Christopher S. Bell has been writing and releasing literary and musical works through My Idea of Fun since 2008. Modern Hobbies is his 14th published book to date, and 10th novel overall. His sound projects include Emmett and Mary, Technological Epidemic, C. Scott and the Beltones, and Fine Wives. My Idea of Fun is an art and music collective based out of Johnstown, Pennsylvania. (www.myideaoffun.org) . Christopher’s work has recently been published in The Broadkill Review, Mobius and Fringelit.com. He is also a contributor to Impression of Sound.
He describes his latest release, Modern Hobbies, as the tale of accumulated memories tied to the staying quality of inanimate objects. Lawrence Thorne stands firm as one of the last survivors of a non-digital age, inevitably imprisoned by a thickened experiment meant to propel the human race forward, while still taking them two steps back. Amongst his jilted ego, a frantic rebel resides waiting for the inappropriate moment to lash out on society before his insides do so first. The subsequent consequences are beneficial albeit crippling to the fading mementos meticulously catalogued on his shelves.
This novel will appeal to fans of Kurt Vonnegut, Phillp K. Dick, Anthony Burgess, Hunter S. Thompson and George Orwell.
Who are your influences?
On this particular novel I was most influenced by the works of Kurt Vonnegut. Something like Player Piano or Slaughterhouse Five, which contain very significant Science Fiction elements, but are still highly focused on character interactions, no matter the time or place. That’s kind of how I approached Modern Hobbies, while Orwell’s 1984 is like the mold for any dystopian novel. That book still gets under my skin, but in the best of possible ways.
When did you begin writing?
I would definitely scribble endlessly in middle school. Most of my later English teachers were pretty good at inflicting standard arthritic pains from daily journal writing. Towards the end of high school, I really got into writing screenplays. I did that consistently through college, which certainly helped me write dialogue, not to mention plotting from one point to the next. Towards the end of college, I tackled my first novel and have pretty much been writing those or short stories ever since.
How do you come up with your stories, characters, character names, POV, etc?
Usually I’ll get the first of many ideas when I’m stuck somewhere, not so much forced to be quiet, but not feeling the necessity to talk. I think most writers’ brains run endlessly, no matter their current situation. From those initial sparks, I’ll build up little plot elements as they come to me, occasionally jotting something down here and there.
Months could pass before I finally sit down and plot out the entire work. Names are usually pretty easy. Pulling together different combinations from the phonebook or many indexes online, seeing what really suits the character. It has to be something you live with from that point forward, so you should go for the gold. Locations are usually based on some semblance of where I’ve already been, with the occasional added element. Like anything else, writers have to pull from life.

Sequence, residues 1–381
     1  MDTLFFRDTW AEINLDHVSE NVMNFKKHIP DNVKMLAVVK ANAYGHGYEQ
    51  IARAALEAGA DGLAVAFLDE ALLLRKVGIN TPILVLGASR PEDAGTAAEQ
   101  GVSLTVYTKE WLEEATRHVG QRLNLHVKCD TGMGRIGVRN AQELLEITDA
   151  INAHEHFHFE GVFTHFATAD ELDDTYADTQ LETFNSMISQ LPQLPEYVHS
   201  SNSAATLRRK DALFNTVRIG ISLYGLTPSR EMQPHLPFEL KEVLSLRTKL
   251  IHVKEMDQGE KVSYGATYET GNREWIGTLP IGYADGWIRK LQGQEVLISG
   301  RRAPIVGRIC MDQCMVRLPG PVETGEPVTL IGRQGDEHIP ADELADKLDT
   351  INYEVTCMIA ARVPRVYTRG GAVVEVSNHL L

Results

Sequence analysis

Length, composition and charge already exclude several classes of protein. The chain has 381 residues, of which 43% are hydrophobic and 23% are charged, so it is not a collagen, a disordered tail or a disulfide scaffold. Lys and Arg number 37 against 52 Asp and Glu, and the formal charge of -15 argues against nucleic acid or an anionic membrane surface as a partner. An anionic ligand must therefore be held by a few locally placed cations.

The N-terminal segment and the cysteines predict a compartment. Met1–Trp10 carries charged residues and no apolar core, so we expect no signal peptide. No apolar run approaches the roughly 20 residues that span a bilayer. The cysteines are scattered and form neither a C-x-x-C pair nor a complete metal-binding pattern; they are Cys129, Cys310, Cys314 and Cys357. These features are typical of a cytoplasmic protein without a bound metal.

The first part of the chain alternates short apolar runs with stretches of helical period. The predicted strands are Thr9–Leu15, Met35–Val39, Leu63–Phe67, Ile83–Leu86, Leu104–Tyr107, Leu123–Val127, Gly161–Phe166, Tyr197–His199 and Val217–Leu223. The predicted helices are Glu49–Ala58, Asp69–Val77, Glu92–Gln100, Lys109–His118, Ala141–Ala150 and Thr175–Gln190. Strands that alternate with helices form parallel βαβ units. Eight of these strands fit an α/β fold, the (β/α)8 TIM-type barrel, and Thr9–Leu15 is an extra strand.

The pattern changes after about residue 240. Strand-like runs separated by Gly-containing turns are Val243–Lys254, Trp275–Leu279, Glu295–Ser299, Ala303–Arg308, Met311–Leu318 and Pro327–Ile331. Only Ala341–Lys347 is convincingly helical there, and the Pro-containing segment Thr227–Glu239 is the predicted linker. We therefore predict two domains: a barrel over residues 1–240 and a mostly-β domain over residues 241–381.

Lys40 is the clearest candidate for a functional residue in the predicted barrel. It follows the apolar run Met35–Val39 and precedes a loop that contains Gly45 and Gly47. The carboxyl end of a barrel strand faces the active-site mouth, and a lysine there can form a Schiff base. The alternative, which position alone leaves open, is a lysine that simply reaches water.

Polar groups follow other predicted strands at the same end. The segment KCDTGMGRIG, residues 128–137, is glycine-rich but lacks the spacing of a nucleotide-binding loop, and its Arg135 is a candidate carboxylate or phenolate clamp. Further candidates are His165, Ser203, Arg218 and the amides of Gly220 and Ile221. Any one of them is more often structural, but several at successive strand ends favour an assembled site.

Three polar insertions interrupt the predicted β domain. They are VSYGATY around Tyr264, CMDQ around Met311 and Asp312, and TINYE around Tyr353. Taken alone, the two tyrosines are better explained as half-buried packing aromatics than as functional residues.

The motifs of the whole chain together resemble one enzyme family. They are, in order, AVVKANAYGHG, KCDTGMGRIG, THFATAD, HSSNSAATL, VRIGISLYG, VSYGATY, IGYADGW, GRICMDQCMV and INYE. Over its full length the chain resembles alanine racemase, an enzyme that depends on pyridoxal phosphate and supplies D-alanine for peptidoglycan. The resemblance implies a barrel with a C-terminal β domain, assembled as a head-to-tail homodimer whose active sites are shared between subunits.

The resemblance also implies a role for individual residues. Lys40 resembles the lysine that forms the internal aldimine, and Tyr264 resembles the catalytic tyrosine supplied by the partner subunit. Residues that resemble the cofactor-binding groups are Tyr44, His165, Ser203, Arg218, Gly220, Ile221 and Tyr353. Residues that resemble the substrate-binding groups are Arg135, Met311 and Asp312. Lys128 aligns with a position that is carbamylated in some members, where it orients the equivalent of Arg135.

Do you work from an outline?
Yes. I usually have most plot elements worked out in some degree before I begin. The way these same elements change in the course of writing is usually the best part about the experience.
Tell me about your favorite scene in your novel.
There are obviously quite a few, but in this particular case, the climax still stands as my favorite. Without giving too much away, it’s the point where Lawrence reaches his breaking point, every element both outside and in, organic and synthetic, failing him before starting a new. There’s a flood happening, before an unlikely confrontation. I realize I’m being vague, but it’ll all make sense in-between the lines. At least, I hope anyway.
Can you tell us a little about your writing philosophy?
I try to write every day, or at least do something in the context to writing every day. Being regimented in this particular case is never a bad thing. Just to set aside some time every evening during the week to write and listen to a record is very therapeutic for me at this point. I tend to get out a great deal of my frustrations this way, in addition to the occasional choice phrase.
Have you ever tried writing in any other genres?
While Modern Hobbies is Science Fiction, my other books run the gamut. A lot of my earlier works are more youth based, pulling together elements from college and high school to tell a cohesive story. That’s not to say those works don’t also have an occasional WTF moment in them. I think it’s good to stretch out as far as you can with your writing. My recent short stories are all pretty standard literary fiction, nothing like this book, but still one could easily find a similarity in there.
Do you have any interesting writing-related anecdotes to share?
Unfortunately, nothing comes to mind. It’s funny because while I know a good amount of people who write or work creatively, most of our anecdotes are about other things entirely. I think good writing comes from the truth in the most awkward and often rewarding of situations. It’s something I do alone with the exception of songwriting, which can be highly beneficial with another person around to give it their all.
All of Christopher’s works are available at http://www.myideaoffun.org/chrisbell/